Brean, J. (2019, June 5). Dodgeball isn’t just problematic, it’s an unethical tool of ‘oppression’: researchers. The moral problem is that dodgeball encourages students to aggressively single others out for dominance and to enjoy that dominance as a victory. National Post, Canada. Retrieved June 5, 2019, from  https://nationalpost.com/news/dodgeball-isnt-just-problematic-its-an-unethical-tool-of-oppression-researchers

CBC Radio (2019, June 11). Profs took aim at dodgeball. Now the head of Dodgeball Canada is fighting back. Retrieved June 14, 2019, from https://www.cbc.ca/radio/asithappens/as-it-happens-thursday-edition-1.5173769/profs-took-aim-at-dodgeball-now-the-head-of-dodgeball-canada-is-fighting-back-1.5170657

Mathias, J. (2019, June 21). Oppressive dodgeball, racialized skiing and other dumb research. Comment Nation: It’s not helpful to treat dodgeball as the next battle in the never-ending quest for civil rights for all. National Post, Canada. Retrieved June 21, 2019, from https://nationalpost.com/opinion/josephine-mathias-oppressive-dodgeball-racialized-skiing-and-other-dumb-research

Paplauskas-Ramunas, A (1968). Development of the whole man through physical education. An interdisciplinary comparative exploration and appraisal. Ottawa, ON, CAN: University of Ottawa Press. 

Schloder-Sublette, M. E. (1975). Natural movement as the essence of man. Journal of the Arizona Association of Health, Physical Education, and Recreation. Spring 1975, 8-10, 20-21.

Staples, D. (2019, June 5). How dodgeball can help, not harm, students today. The Calgary Herald, A9. Retrieved June 5, 2019, from https://edmontonjournal.com/business/local-business/david-staples-the-world-needs-more-dodgeball-not-less-of-it

Watson, B. (2019, June 4). ‘Legalized bullying’: Stop playing dodgeball in schools. Retrieved June 5, 2019, from https://www.cbc.ca/news/canada/british-columbia/dodgeball-dangerous-stop-ubc-professor-1.5161403

Wysynski, D. (2019, June 10). Don’t pick on Dodgeball. It’s no more ‘oppressive’ or ‘problematic’ than any sport. National Post, Canada. Retrieved June 10, 2019, from https://nationalpost.com/opinion/duane-wysynski-dodgeball-is-still-an-emerging-sport-but-has-inbuilt-potential-for-teamwork-and-inclusivity




Tip of the Month – May

Coach Monika Says…

Questions For Head Coaches At The End Of The Season

I found this post by Chris Fore (November 19, 2018) quite helpful for personal reflection on the seasonal performance of both coaches and athletes. Although the post originally is directed at team sport and players, I modified the Title and applied it to both, team and individual sports. I adjusted the terminology (example: players/ athletes, competitors; games or matches won or lost/events, competition, time standards; game/competition strategy; spouse, etc.).


Your season is over. Part of you is sad, but part of you can now take a deep breath. You can go home a little earlier, hug your spouse and kids a little more, and maybe go see a movie during the weekends!

But you should also take some time to reflect on the season, in order to make your program better. Watch a film on Saturdays to see how your team played Friday night/your athletes competed on the weekend. Now it is time to evaluate how you did leading the troops. Proper season ending evaluation helps your program improve. Coaches who constantly evaluate their leadership move their program constantly forward in the right direction. Those who fail to do so take their teams/athletes backwards. Spend time now to evaluate your program with the following questions. Get others involved to help you grow.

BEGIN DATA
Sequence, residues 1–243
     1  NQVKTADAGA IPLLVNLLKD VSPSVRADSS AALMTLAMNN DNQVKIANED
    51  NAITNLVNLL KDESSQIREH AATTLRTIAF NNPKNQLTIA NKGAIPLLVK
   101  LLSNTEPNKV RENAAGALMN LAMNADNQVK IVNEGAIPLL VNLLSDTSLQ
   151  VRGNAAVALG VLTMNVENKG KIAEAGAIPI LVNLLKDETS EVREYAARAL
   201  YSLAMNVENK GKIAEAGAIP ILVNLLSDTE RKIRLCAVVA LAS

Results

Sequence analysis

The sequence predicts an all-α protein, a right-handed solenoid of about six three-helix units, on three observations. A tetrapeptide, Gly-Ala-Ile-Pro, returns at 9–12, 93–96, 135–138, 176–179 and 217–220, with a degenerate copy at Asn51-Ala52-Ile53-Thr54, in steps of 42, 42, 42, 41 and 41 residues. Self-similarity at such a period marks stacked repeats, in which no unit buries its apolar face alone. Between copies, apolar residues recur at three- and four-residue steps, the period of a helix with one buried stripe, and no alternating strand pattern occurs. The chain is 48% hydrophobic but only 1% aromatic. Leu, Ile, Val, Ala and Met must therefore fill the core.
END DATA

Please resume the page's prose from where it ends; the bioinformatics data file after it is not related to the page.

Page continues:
1. Did I do a good job managing the staff?

In my opinion (Chris), this is the most important part of your job as a head coach during the season. Managing your staff is paramount to success. Was the chemistry of the staff good weeks 1-10? How could you better manage them next year? Take notes now.

2. Did I do a good job managing the players?

Second to managing your staff is managing the athletes. Keeping the chemistry – team sports or individual sports – moving in a positive direction is a challenge. If the chemistry improved throughout the season, you did a great job. If not, why did that happen?

3. Did we increase the morale of the program this year – did it decrease?

Program morale can make or break a season, and thus make or break the competitive season. Obviously, winning “cures” a whole lot of morale issues and losing magnifies the bad parts. If morale of the program did not increase this year, what do you need to do to get it back now – not just with the athletes and coaches but also parents, administration, and the community at large.

4. Did we overachieve or underachieve this year?

The scoreboard/competitive results tell the story every time, and during the season. We all want to overachieve. If you underachieved this year, how did that happen? Figure that out now, to fix it this offseason.

5. Did we stay focused on the overarching goals of our program?

Those fancy sayings on those posters and websites, the “expected school-wide learning results” guide our day-to-day actions. Were those goals carried out this year or did they fall by the wayside?

6. What do we need to focus on during the offseason to make this program better?

This question can usually be answered by addressing the biggest struggle of the season. 

7. Was there any point during the season that I lost control? If so, how did that happen, and how do I avoid a repeat in the future?

This is critical to the future of the program. If you lost control, did you regain the trust/respect of your athletes? Is that negative atmosphere still lingering? If you did lose it, why did that happen? Spend time diagnosing this to help you in the future.

8. What was the major weakness with our coaching staff, and how do I need to fix it?

If your team/athletes struggled in one area that seemed to be a major weakness, can it be fixed by coaching? Sometimes a staff member needs to be let go in order for the staff to get better.